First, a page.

The federal courthouse in downtown Portland has become ground-zero for the nightly orgy of assaults, looting, arson, and public nudity — and, most recently, a surrealistic duel between protesters and federal agents using leaf-blowers to drive back each other’s tear gas — that continues to enliven America’s so-called Rose City in the wake of the death of George Floyd.
It’s a curious thing, this new alignment of some of America’s most high-profile mayors with the very people burning down their towns. In Portland the competent authority figure is 57-year-old Ted Wheeler, who took office three-and-a-half years ago. By law, all Portland mayors are nonpartisan, but it seems unlikely Wheeler will be out campaigning this fall for the Trump-Pence ticket. Like many mayors, he’s expressed the great orthodoxy of the past two months, announcing that he plans to redirect $7 million from his police budget and $5 million from other city funds to ‘communities of color’. But Wheeler doesn’t stop at merely repeating the current Black Lives Matter slogans. He’s actually out there on the barricades, standing on the courthouse steps last week to express solidarity with the protesters and berating the federal agents sent to his city.
‘If they launch the tear gas against you, they’re launching the tear gas against me,’ Wheeler shouted over his surgical mask. ‘We are a community… We demand that the federal government stop occupying our city.’
Since the mayor was met by signs in the crowd that read ‘Tear gas Ted’ — in response to allegations that he had allowed police to use tear gas against protesters before federal agents arrived — and a large banner unfurled immediately behind him that abandoned subtlety for the stark message ‘Fuck you Wheeler’, this exercise in outreach could be called only a mixed success. Whatever else you can say about the political dislocation of America’s Richard Nixon years, what we have now is the crack-cocaine version of it. Wheeler ‘made a fool out of himself’, President Trump told Fox News. ‘He wanted to be among the people so he went into the crowd and they knocked the hell out of him. That’s the end of him.’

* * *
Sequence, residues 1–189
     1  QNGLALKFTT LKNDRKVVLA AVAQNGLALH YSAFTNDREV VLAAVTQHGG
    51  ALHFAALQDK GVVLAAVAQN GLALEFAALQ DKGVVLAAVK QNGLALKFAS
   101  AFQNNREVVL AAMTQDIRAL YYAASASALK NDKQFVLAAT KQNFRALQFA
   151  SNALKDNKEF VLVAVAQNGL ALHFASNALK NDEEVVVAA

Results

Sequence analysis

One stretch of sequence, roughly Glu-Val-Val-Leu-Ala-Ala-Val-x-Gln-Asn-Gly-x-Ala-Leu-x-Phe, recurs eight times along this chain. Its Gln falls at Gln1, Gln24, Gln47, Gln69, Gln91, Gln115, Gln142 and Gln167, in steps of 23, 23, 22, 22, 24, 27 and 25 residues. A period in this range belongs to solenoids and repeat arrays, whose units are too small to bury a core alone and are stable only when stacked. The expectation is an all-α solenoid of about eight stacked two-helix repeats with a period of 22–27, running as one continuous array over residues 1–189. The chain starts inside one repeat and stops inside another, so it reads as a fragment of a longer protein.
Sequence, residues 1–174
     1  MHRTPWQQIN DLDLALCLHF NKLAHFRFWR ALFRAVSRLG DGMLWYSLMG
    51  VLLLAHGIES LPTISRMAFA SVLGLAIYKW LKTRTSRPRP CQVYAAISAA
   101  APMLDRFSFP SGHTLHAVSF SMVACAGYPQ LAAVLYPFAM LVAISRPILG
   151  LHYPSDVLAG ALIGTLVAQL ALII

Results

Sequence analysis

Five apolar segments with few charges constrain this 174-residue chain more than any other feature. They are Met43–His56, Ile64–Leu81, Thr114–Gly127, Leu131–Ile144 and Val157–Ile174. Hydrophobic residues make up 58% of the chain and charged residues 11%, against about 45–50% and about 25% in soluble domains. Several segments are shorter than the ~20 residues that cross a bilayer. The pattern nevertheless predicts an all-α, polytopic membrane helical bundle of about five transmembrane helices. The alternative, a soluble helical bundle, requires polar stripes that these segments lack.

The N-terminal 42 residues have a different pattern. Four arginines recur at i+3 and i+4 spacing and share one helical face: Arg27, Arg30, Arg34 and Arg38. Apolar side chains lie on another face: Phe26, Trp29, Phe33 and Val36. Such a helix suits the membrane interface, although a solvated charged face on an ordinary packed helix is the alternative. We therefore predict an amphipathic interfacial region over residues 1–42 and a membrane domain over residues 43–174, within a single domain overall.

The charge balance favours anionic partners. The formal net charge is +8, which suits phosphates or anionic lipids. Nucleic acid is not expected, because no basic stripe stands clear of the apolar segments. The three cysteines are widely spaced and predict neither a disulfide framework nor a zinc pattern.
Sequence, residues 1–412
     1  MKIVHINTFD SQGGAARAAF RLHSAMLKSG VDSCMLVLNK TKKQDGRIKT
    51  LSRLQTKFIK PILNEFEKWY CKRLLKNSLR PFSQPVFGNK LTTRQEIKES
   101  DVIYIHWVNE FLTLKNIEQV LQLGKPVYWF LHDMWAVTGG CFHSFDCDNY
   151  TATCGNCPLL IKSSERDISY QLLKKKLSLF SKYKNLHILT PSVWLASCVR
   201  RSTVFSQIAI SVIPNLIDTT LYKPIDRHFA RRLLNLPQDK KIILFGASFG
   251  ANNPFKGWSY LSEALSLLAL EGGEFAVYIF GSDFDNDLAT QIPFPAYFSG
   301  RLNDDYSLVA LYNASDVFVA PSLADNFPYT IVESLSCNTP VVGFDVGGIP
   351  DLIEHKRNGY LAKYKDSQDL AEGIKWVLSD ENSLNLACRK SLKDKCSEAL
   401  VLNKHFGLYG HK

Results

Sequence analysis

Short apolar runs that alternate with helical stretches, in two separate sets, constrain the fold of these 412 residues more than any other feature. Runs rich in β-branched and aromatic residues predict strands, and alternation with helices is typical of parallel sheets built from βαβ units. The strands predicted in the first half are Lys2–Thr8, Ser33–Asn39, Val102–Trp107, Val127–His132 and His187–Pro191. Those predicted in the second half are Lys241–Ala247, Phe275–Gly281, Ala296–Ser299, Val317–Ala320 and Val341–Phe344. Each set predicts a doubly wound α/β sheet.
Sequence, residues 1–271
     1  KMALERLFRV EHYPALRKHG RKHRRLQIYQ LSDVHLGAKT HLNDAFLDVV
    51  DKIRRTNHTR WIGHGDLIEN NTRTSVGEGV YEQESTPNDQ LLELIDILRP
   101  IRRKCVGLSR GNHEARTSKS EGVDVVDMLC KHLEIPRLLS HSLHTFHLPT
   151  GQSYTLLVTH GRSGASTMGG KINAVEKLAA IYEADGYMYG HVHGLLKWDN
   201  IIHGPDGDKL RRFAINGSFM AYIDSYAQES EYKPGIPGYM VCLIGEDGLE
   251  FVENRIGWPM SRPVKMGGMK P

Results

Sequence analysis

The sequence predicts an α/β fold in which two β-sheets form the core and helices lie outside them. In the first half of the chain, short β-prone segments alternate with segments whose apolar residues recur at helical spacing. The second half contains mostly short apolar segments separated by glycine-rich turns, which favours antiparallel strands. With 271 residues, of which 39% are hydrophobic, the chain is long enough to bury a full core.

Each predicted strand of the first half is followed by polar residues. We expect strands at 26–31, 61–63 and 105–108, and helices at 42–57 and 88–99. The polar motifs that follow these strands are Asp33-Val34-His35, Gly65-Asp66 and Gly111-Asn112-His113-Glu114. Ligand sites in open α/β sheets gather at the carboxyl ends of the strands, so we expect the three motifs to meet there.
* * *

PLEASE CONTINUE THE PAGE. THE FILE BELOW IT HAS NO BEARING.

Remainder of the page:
It goes without saying that Mayor Wheeler is a case study in privilege. Born into a wealthy Oregon tree-farming dynasty, he went on to study economics at Stanford, business at Columbia and public policy at Harvard. His father Sam was one of those hardy frontier types who embodied so much about the old Pacific Northwest — a logger who rose to be vice-president of a Fortune 500 company, and a self-confessed blackout alcoholic. Ted Wheeler would later remember being taken as a teenager to dinner in a restaurant, ‘where my Dad got louder and louder [until] finally the lady next to us leant over to her husband and said, “That man is drunk”’. ‘It wasn’t pretty,’ Ted remarked. ‘My dad was completely intoxicated.’
Of course, there were consolations. Young Wheeler could spend his summers traveling abroad, or visiting the small coastal town full of neat clapboard houses and fluttering American flags that bears his family name: Wheeler, Oregon.